The first steps were unbelievable.
There was a lot of people there – because I’ve been here so long – that
we’re rooting for me and almost had to stop because I was crying so hard.
Everybody was crying. So even though there was a part of
Steven’s right brain that was damaged from the stroke, highly intensive
therapies, challenging task specific three hours a day of therapy in the
first month to three months after the stroke, has the greatest opportunity for
the brain to make new connections around the injured area of the brain. When
Steve first got here we were unable to stand, he needed two people to transfer,
we were unable to walk. I don’t think she ever gave up on me. I think I did a few times
because I didn’t think I was gonna be able to do it. He had deficits in the areas of
attention, so some of his speech was a little bit slurred. So we were able to do
strategies and he was willing to learn those strategies and implement them so
that he can talk to everyone. So some things he still has trouble with – some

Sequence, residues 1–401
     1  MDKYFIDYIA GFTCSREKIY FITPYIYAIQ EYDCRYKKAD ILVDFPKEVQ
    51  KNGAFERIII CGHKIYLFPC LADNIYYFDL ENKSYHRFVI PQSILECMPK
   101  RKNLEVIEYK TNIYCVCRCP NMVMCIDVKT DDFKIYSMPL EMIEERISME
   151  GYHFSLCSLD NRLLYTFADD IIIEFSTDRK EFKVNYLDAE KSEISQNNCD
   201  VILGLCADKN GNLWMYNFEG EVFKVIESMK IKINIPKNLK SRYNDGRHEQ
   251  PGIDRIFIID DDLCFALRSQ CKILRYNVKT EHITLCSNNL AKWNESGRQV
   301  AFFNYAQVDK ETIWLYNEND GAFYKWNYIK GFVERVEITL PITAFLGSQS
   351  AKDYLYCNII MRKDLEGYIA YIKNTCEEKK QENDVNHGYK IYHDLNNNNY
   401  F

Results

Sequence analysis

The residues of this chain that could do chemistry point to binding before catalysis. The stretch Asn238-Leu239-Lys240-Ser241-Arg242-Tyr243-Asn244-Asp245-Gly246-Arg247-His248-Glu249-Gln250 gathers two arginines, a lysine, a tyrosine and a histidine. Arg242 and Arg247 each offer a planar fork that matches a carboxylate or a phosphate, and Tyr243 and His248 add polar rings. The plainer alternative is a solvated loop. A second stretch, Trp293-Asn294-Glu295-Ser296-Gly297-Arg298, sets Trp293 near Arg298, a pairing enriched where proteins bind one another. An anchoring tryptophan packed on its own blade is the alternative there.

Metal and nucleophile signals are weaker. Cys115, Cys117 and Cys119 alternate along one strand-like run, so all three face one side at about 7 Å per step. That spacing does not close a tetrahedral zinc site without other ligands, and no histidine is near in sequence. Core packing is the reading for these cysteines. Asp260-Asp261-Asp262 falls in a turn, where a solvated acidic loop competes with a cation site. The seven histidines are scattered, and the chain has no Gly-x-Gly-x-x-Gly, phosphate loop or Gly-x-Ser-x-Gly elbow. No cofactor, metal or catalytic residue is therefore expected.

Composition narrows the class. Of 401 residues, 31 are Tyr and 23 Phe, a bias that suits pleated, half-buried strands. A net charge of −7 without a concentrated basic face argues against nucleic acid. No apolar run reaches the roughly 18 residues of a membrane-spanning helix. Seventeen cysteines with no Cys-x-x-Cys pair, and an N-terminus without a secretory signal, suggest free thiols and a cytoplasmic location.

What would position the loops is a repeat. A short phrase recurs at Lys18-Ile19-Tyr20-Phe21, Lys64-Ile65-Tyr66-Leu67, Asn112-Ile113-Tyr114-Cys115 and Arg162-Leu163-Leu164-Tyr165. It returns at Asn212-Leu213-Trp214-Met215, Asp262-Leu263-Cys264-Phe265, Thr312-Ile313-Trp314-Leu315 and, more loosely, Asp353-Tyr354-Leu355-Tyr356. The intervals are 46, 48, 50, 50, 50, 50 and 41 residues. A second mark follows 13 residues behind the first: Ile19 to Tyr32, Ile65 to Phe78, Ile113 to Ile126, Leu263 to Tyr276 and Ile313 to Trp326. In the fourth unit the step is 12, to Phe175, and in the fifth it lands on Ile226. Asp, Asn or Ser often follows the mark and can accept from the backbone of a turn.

movements on that left leg. The Exo forces him into the correct pattern that we’re
looking for and it gives him cues that we’re unable to do otherwise. This was a
man who was a mechanic and also worked out in the gym. He has worked incredibly
hard. He’s inspiring to watch work. He’s really motivated to make as much
progress and regain as much independence as he can so he can return to his life.
We just addressed everything across the board that we could to get him back to
his daily living skills. He’s been a pleasure to work with; I’m definitely
gonna miss him when he leaves. It’s a little bit easier every day. It’s just a
lot of repetitions and they told me that takes a thousand repetitions to get to
learn how to walk. I just can’t believe how good to staff is there. Every one of
them has the same thought and that’s to get you better or whoever they’re working with better, and get them up and running.